I still haven't figured out a reliable way to print more than one color of ink on a T-shirt. Fabric is so fussy. It stretches and wrinkles and makes it really tough to register the colors properly on top of each other. I print the T-shirts at home, so I don't have the fancy equipment commercial printers have. I'm doing it all by hand! So I have to keep the design simple and bold.
That sounds tricky! What's the process for creating a T-shirt? What kind of tools do you use?
After I get shots to work from, I use Adobe Photoshop to eliminate backgrounds and sharpen the image up. The screenshots can end up looking pretty pixellated when I zoom in, so I have to be careful that the image doesn't degrade into an undifferentiated mass of blocks. Then, I take it into Adobe Illustrator and use an option called Live Trace, which converts the rasterized image into a vector object. There are various setting and thresholds to tinker with before the result looks decent. I often go between Photoshop and Illustrator, fixing the image in Photoshop so the vectorized image looks cleaner. Sometimes I even have to make some stuff up when there isn't enough image information, such as a T-shirt I made of Super Street Fighter IV's Ken. I'm particularly proud of that one, because I pulled a super low-res, blurry image off the internet and managed to make it look good.
From there, I go through the same process as when I'm doing a silkscreen print for an illustration job. I print the design out in black ink on a clear acetate and then I coat a silkscreen with Speedball Photo Emulsion and expose the acetate and the screen to light after it's dried. I wash the screen out in the bathtub and presto, the black parts of the acetate that blocked the light dissolve away and I'm left with my design! Finally, I push Speedball screenprinting fabric ink through the screen with a squeegee and the image gets printed onto the T-shirt.
I do want to make it clear that I don't actually draw the stuff I print on these shirts. In my professional work I totally draw everything from scratch, but these are just fun gifts for friends and more of hobby.
I sometimes fiddle around with bits of clay. I sculpted a little mage table for my sister and a hearthstone for my boyfriend, which can be seen on my blog. Occasionally I make WoW-themed cards for various occasions, such as Love in the Air / Valentine's.
Do you have any advice for those wanting to try making T-shirts for themselves?
Speedball makes great silkscreening kits that can be found at any well-stocked art store. If you buy that and some inkjet or laser transparencies (depending on the kind of printer you have) and have some image editing or art software, you basically have everything you need to make your own silkscreen T-shirts! To make shirts that have the same look as the ones I do, you'll need software such as Adobe Illustrator, something that can take pixelly raster art and convert it to slick vector art. Or be a bit more crafty and trace the image on paper by hand.
For something less demanding, there are iron-on T-shirt transfers that can be used in conjunction with inkjets and there are even ones out there that look really good on darker T-shirts. Another fun idea might be tracing out a design onto a shirt and using fabric paints to color it in. Making stuff is tons of fun and crafts make great gifts!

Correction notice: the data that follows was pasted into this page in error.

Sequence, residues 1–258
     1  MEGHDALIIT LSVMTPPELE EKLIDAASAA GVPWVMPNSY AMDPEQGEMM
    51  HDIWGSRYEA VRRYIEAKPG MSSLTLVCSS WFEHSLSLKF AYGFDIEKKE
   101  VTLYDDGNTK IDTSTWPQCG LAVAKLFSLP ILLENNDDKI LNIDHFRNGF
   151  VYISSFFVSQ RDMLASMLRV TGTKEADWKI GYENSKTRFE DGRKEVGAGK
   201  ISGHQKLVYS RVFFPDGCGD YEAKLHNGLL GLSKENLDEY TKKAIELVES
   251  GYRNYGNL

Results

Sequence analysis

Anything else you'd like to add?
World of Warcraft is great! I love that they've created a game that can be enjoyed on so many levels. Whether you are a hardcore player or more casual, whether you have a lot of time or a little, WoW will accommodate you. I also really appreciate how Blizzard has worked to keep the game accessible for new players and is constantly improving the newbie experience.
My boyfriend and I recently started playing through the worgen starting area, and we were amazed at how Blizzard has added all these little prompts and visual cues to help players along. When my worgen hunter learned explosive shot and the spell icon leapt from my spellbook to my action bar, I actually squealed with delight! Even something as simple as the phasing they've implemented -- something so seemingly small really deepens the experience for me. The world changes now. That's a big deal.
The social aspect of WoW, which is what intimidated me the most about MMORPGs in general, has proven to be the most rewarding. Sure, I'm jaded and crusty and now run screaming from gigantic raids and PUGs, but I've made friends online that I've met in real life and stay in touch with to this day. When my sister started dating her now-husband, WoW really helped me and my boyfriend get to know the guy. We probably wouldn't be as close with him now if it wasn't for WoW. I don't even think my sister knows that, but if she's reading this, she knows now! We'd do these 25-man raids together and bond over our shared horror stories of raiders wiping ridiculously on Wrath Thaddius and laugh and drink bubble tea. It's still a terrific way for the four of us to get together even when we're not in the same province. This game has given me so many fond memories.
Well thank you for your time, Julia, and good luck with your future projects!
For more of Julia's crafts, both WoW-related and non, you can check out her blog. And for a look at some breathtaking non-WoW related illustrations, take a look at her online portfolio!
World of WarCrafts spotlights art and creativity by WoW players, including arts and crafts, fan art, WoW-themed recipes, comics, cosplay, music and fan fiction. Show us how you express yourself by emailing firstname.lastname@example.org with your not-for-profit, WoW-inspired creations.